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Author Topic: Logging Software for Google Chromebook  (Read 6836 times)
W3JAR
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Posts: 50




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« on: August 23, 2013, 06:41:31 AM »

Hi Everyone,
Just got a google chromebook after my MAC kept crashing. I have tried searching, but was curious to see if any of you had any options for logging software. I tried looking, but it seems that software is designed for Windows, Linux, and iOS. Not sure if any of these could be used on chromebook's operating system.

Any help would be appreciated!
John
W3JAR
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K6CPO
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Posts: 158




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« Reply #1 on: August 23, 2013, 01:30:34 PM »

What?  A MAC crashing?  What is the world coming to?   Shocked   Wink
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K9IUQ
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Posts: 1962




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« Reply #2 on: August 23, 2013, 06:13:19 PM »

Hi Everyone,
Just got a google chromebook after my MAC kept crashing.
Any help would be appreciated!
John
W3JAR

Windows owns the hamradio software market. They is much more ham software for Windows than a Mac. A Chromebook is even worse than the Mac as far as availability of ham software. You may be SOL. Break down and get a cheap PC with windows, they ain't much more $$ than a Chromebook.

Stan K9IUQ
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AA6YQ
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« Reply #3 on: August 23, 2013, 10:00:34 PM »

As I mentioned when you asked me about this via email, I understand that you can run Linux on your Chromebook. That will open the door to amateur radio apps that run natively on Linux, as well as Windows-based  amateur radio applications that can run on Linux via Wine or a virtual machine.

    73,

          Dave, AA6YQ
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AA6YQ
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« Reply #4 on: August 23, 2013, 10:04:15 PM »

Break down and get a cheap PC with windows, they ain't much more $$ than a Chromebook.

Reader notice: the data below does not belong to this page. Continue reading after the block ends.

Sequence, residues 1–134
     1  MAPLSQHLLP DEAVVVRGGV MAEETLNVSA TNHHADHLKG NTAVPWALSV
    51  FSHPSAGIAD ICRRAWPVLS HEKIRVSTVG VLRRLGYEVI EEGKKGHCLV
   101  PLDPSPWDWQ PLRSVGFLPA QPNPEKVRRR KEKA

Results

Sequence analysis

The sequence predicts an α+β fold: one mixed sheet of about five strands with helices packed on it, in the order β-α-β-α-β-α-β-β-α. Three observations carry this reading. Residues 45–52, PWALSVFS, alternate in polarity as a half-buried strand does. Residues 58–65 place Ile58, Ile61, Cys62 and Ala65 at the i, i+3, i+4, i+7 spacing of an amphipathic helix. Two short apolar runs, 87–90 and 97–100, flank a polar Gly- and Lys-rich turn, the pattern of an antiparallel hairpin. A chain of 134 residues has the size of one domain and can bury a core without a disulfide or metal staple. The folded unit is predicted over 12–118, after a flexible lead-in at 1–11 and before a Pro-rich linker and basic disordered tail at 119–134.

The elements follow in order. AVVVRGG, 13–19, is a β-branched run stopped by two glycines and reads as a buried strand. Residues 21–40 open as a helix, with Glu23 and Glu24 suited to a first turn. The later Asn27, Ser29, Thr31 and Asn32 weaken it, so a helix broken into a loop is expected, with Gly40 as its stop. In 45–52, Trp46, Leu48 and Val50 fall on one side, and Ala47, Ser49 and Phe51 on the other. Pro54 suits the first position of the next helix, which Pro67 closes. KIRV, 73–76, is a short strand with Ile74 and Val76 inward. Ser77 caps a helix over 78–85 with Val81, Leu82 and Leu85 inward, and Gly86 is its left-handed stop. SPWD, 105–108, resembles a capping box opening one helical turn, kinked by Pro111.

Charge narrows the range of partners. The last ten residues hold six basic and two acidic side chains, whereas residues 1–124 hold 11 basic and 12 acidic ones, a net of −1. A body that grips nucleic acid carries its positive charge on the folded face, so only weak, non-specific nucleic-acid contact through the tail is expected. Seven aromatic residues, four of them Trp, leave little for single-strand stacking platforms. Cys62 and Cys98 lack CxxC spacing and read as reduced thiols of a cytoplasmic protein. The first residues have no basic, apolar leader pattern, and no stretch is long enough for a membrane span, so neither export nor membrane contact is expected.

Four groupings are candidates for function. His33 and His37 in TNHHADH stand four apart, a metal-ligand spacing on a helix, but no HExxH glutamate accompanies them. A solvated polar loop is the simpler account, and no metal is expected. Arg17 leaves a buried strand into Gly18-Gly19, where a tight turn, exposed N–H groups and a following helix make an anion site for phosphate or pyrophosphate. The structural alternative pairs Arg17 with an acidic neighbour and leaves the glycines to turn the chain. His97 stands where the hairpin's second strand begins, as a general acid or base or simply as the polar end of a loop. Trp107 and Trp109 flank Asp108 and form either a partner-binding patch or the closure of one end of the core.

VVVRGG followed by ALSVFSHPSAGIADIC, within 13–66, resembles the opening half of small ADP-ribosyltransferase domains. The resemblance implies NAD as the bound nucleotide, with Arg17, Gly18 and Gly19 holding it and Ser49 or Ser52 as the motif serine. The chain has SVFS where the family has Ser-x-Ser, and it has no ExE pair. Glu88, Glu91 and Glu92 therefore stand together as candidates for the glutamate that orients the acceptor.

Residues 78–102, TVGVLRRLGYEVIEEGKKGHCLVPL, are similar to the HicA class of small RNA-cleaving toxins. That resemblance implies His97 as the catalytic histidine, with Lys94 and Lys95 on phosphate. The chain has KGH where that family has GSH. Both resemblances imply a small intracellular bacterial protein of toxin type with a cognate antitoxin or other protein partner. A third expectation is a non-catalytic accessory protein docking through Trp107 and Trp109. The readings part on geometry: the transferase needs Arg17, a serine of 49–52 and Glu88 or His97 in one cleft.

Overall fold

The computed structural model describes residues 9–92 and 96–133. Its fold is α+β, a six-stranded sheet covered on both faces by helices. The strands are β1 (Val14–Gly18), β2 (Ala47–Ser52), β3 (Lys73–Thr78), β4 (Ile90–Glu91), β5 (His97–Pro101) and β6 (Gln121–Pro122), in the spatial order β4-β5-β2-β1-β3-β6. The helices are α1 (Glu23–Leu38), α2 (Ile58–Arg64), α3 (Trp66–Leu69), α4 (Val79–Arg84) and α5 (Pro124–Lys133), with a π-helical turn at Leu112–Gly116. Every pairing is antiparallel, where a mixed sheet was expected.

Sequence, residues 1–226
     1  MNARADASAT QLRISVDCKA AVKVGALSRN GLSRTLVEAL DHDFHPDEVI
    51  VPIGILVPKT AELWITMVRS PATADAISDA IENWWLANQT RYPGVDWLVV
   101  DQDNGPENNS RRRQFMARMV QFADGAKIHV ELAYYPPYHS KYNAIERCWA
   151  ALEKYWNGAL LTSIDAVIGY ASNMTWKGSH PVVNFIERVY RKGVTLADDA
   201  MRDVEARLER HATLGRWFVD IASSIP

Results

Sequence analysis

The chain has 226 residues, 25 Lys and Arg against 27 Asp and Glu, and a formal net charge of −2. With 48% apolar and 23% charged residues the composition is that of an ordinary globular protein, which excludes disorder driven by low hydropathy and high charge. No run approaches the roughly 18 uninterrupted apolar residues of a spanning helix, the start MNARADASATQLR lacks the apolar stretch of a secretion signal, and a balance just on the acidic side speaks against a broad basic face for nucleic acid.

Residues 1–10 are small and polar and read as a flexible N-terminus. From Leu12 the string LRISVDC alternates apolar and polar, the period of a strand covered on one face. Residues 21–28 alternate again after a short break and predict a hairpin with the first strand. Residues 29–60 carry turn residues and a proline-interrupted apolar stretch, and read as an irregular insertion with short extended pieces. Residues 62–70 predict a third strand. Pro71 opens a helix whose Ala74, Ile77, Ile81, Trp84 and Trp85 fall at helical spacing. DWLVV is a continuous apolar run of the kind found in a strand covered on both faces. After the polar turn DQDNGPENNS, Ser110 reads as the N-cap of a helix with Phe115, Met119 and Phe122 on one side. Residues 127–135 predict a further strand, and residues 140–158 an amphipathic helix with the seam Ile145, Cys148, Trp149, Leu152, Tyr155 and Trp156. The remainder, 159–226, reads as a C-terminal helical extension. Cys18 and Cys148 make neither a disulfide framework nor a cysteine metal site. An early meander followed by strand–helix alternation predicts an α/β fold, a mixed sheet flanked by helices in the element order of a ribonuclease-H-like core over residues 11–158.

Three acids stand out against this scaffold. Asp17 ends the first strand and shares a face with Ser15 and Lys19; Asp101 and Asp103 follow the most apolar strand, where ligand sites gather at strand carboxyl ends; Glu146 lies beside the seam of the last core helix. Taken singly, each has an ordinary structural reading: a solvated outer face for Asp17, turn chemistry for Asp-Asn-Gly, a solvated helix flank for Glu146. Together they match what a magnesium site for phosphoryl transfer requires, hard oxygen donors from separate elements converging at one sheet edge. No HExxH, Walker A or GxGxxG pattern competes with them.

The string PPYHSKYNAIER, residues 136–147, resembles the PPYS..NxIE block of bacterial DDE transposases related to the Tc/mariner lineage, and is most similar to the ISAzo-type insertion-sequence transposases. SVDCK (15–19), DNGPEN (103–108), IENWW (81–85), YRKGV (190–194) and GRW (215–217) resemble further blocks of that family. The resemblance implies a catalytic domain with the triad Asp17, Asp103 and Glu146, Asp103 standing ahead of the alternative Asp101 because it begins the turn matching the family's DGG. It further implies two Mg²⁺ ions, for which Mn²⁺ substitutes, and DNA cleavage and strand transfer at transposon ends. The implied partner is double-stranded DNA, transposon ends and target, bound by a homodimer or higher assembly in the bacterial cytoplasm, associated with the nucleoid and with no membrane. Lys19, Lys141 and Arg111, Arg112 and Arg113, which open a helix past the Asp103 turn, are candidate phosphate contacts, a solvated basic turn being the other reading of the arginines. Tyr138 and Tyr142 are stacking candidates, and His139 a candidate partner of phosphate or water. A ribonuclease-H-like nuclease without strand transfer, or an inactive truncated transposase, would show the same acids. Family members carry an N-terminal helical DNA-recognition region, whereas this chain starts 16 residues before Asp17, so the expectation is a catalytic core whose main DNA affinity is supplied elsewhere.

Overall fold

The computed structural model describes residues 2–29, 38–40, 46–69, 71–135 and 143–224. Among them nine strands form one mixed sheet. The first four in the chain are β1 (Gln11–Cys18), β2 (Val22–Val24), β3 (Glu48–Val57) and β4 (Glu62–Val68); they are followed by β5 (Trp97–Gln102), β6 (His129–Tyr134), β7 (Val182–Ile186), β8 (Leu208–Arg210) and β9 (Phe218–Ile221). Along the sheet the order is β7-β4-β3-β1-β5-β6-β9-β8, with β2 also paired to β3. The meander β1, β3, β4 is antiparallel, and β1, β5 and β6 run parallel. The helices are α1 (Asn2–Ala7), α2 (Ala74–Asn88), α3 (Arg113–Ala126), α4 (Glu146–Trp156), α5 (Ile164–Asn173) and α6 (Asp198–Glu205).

If you consider the applications you plan to run to be "mission critical" -- perhaps your logging or contesting software -- then buying a "cheap PC" is bad advice unless you place no value on your time or your stomach lining. Acquiring reliable hardware is recommended.

     73,

            Dave, AA6YQ
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NK7Z
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Posts: 822


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« Reply #5 on: August 24, 2013, 05:28:55 AM »

As I mentioned when you asked me about this via email, I understand that you can run Linux on your Chromebook. That will open the door to amateur radio apps that run natively on Linux, as well as Windows-based  amateur radio applications that can run on Linux via Wine or a virtual machine.

    73,

          Dave, AA6YQ
If you can run Linux, try CQRLOG.  Very nice software...
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Thanks,
Dave
For reviews and setups see: http://www.nk7z.net
K9IUQ
Member

Posts: 1962




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« Reply #6 on: August 24, 2013, 05:30:12 AM »

Break down and get a cheap PC with windows, they ain't much more $$ than a Chromebook.

If you consider the applications you plan to run to be "mission critical" -- perhaps your logging or contesting software -- then buying a "cheap PC" is bad advice unless you place no value on your time or your stomach lining. Acquiring reliable hardware is recommended.

     73,

            Dave, AA6YQ

It was obvious that the original poster was cheap, hence his Chromebook purchase. Anything. even a cheap PC would be an improvement over a Chromebook as far as Ham software goes. Also many "Cheap" PC's (cheap in price) are good performers and reliable these days.

I even think a Cheap PC could run DX Labs............

Stan K9IUQ
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AA6YQ
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« Reply #7 on: August 24, 2013, 01:04:02 PM »